You’re probably aware that, generally, you should issue the same discipline to everyone who breaks the same rule. But that isn’t always the case.
As long as you can explain why one employee deserved harsher punishment—termination rather than suspension, for example—a judge probably won’t second-guess you. The trick is to document why one punishment was more appropriate than another.
Recent case: Peterjohn worked as a police officer at Bradley University. He was born in Korea, adopted by American parents as an infant and became a U.S. citizen at age 7.
Following a slip at work, he had shoulder surgery and was placed in a light-duty position. After beginning twice-a-week physical therapy sessions, Peterjohn’s supervisor allegedly began harassing him and giving him demeaning work. Peterjohn complained to HR.
Later, he would also claim he had to endure ethnically charged comments, including remarks about the shape of his eyes.
Then another officer told supervisors that he witnessed Peterjohn and another officer taking merchandise from a campus store. Among the allegedly stolen items were T-shirts. An investigation ensued. Peterjohn denied taking anything other than a shirt that he claimed was a freebie given out at special events. The officer with him immediately admitted taking a shirt. After continued questioning, Peterjohn finally admitted that he hadn’t been honest and may have helped himself to more than one shirt. He was terminated.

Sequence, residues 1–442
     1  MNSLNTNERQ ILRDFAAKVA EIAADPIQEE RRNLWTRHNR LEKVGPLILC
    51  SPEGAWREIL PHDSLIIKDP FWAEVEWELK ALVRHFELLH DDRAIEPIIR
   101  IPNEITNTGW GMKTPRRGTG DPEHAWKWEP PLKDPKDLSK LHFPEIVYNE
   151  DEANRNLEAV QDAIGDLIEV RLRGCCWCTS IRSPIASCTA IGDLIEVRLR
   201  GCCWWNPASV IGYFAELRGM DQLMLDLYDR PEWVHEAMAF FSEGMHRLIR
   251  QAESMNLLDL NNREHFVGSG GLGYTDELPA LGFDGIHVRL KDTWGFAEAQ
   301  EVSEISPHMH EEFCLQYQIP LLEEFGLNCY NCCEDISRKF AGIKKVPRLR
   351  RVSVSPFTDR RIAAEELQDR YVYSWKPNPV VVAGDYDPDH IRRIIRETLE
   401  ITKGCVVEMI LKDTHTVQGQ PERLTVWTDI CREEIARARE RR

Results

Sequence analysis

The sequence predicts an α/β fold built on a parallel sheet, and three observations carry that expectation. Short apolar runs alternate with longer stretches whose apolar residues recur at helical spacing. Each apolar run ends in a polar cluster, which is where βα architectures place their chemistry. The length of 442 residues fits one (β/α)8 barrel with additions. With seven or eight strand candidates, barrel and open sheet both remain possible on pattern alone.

Peterjohn sued, alleging retaliation and race discrimination. He claimed he should have been suspended like the other officer. University officials explained they merely suspended the other officer because she immediately admitted her mistake and begged for another chance, while Peterjohn wasn’t as honest.
The court said that was enough of a difference to justify suspending one employee while terminating another. (Hoffman v. Bradley University, No. 11-1086, CD IL, 2012)
- How to Fire an Employee the Legal Way: 6 Termination Guidelines
- After ARRA, how to handle gross misconduct and COBRA coverage
- Supreme Court: Check boss bias before discipline
- Weigh employee's good-faith intentions before contesting unemployment benefits
- Accepting suspension doesn't equal admission of guilt